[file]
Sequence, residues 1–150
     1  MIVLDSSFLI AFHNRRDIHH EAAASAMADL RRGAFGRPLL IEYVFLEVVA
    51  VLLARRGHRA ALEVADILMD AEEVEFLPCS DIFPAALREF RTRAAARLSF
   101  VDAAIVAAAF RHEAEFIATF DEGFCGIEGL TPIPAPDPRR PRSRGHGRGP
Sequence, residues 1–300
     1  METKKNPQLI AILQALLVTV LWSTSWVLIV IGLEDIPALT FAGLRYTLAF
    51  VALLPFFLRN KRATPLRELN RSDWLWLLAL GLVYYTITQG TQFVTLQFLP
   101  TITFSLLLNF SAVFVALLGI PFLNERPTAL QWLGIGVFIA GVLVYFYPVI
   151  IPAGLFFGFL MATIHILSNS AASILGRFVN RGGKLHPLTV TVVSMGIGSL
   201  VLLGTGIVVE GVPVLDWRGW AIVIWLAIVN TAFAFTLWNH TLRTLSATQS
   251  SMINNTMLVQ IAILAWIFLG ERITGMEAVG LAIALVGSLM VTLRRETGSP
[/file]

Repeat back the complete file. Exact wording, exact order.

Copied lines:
Sequence, residues 1–150
     1  MIVLDSSFLI AFHNRRDIHH EAAASAMADL RRGAFGRPLL IEYVFLEVVA
    51  VLLARRGHRA ALEVADILMD AEEVEFLPCS DIFPAALREF RTRAAARLSF
   101  VDAAIVAAAF RHEAEFIATF DEGFCGIEGL TPIPAPDPRR PRSRGHGRGP
Sequence, residues 1–300
     1  METKKNPQLI AILQALLVTV LWSTSWVLIV IGLEDIPALT FAGLRYTLAF
    51  VALLPFFLRN KRATPLRELN RSDWLWLLAL GLVYYTITQG TQFVTLQFLP
   101  TITFSLLLNF SAVFVALLGI PFLNERPTAL QWLGIGVFIA GVLVYFYPVI
   151  IPAGLFFGFL MATIHILSNS AASILGRFVN RGGKLHPLTV TVVSMGIGSL
   201  VLLGTGIVVE GVPVLDWRGW AIVIWLAIVN TAFAFTLWNH TLRTLSATQS
   251  SMINNTMLVQ IAILAWIFLG ERITGMEAVG LAIALVGSLM VTLRRETGSP